On March 10, the Veterans Breakfast Club held its last face-to-face event of 2020. Later that week, COVID-19 shut down our in-person veterans storytelling programs.

But before March was over, we were back at it, holding our events virtually on Zoom and simulcast on Facebook Live and YouTube Live.

Since then, we’ve held 87 live virtual programs with thousands of people participating, including those across the country and the world. We’ve heard stories from people of all eras, ages, and branches of service, from a 100-year-old Pearl Harbor survivor to a fresh West Point graduate. Non-veterans, including elementary school and college students, have joined us to ask questions and to listen. Gold Star Mothers and Families have remembered their loved ones with us, so we could remember them too.

The virtual world is no substitute for face-to-face interaction. But we have, with these video conferencing platforms, been able to sustain and even expand the “Community of Listening” we first created back in 2008.

Over the past twelve years, we’ve heard thousands of veteran voices at our VBC programs. These voices carry the past into our present, bring to life fallen comrades and family members, and deliver to those who have the ears to listen a wisdom and perspective that can inspire future generations.

Of course, the pandemic has hurt the Veterans Breakfast Club financially, as it has for so many. The sponsorship revenue we depend on to survive has largely vanished. We look forward to recovering and growing in 2021.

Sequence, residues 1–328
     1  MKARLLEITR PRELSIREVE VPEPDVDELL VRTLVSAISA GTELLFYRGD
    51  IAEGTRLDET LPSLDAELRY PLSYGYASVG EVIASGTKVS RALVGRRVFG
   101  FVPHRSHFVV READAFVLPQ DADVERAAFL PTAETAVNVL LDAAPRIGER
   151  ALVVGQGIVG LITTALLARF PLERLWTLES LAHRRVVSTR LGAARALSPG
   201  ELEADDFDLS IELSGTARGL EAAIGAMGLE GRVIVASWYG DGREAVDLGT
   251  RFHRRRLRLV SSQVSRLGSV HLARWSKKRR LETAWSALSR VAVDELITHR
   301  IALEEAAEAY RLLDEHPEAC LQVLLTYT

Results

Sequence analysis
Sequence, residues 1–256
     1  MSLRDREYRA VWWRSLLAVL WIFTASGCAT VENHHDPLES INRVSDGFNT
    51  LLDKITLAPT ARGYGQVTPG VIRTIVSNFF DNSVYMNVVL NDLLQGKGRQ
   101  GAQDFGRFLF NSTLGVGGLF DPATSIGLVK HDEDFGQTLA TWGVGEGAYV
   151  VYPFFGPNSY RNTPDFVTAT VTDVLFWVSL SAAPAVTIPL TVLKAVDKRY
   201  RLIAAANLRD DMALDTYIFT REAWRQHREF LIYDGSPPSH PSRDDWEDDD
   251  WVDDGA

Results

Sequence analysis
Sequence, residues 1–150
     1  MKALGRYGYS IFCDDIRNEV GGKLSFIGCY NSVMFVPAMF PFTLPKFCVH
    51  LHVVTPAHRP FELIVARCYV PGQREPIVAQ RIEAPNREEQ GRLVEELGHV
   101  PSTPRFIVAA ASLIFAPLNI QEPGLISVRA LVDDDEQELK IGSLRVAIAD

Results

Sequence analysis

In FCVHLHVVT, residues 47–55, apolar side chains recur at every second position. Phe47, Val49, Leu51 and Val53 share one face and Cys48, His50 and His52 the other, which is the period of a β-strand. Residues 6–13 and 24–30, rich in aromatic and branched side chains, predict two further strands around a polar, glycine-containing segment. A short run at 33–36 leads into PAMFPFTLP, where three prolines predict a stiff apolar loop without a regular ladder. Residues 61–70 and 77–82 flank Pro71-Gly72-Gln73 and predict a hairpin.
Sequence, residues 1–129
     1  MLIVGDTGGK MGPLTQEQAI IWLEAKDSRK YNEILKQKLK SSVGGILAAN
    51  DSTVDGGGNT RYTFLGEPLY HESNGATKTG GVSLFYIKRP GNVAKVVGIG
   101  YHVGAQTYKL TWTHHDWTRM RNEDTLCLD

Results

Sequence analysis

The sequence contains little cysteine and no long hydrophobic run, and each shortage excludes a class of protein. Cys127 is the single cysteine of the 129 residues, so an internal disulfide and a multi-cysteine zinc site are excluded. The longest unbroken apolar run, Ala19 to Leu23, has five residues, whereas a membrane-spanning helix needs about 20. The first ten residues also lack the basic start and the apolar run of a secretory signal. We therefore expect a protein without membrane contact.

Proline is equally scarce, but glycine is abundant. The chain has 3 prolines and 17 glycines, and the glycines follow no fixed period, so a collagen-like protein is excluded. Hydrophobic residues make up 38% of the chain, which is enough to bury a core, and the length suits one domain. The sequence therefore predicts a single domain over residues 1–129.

Until then, we ask that you please help keep our veterans’ stories alive by donating now to the Veterans Breakfast Club. Every donation, no matter how small, will help ensure a bright future for the VBC.

At the VBC, every veteran has a story and every day is Veterans Day. Even if you cannot contribute, please attend a virtual event. Because the best way to thank a veteran is to listen.

Todd DePastino, Executive Director

There is a vast community of Veterans living in Western Pennsylvania, and now as a result of the VBC they are connected with one another. I marvel at what the VBC has created and am proud to be a part of it. Every time I attend VBC Live, I come away better educated. One meeting focused upon the role of the Coast Guard. Another highlighted serving in the Red Cross. Marines talked about their dedication to the Corps. If we piece these different stories together, we begin to see a larger picture of our history that is still unfolding. Each person possesses a page of our Great History Book, and the pages are being put together by the VBC.

Roland Glenn, WWII Army Infantry Officer, 7th Division, Okinawa and Korea
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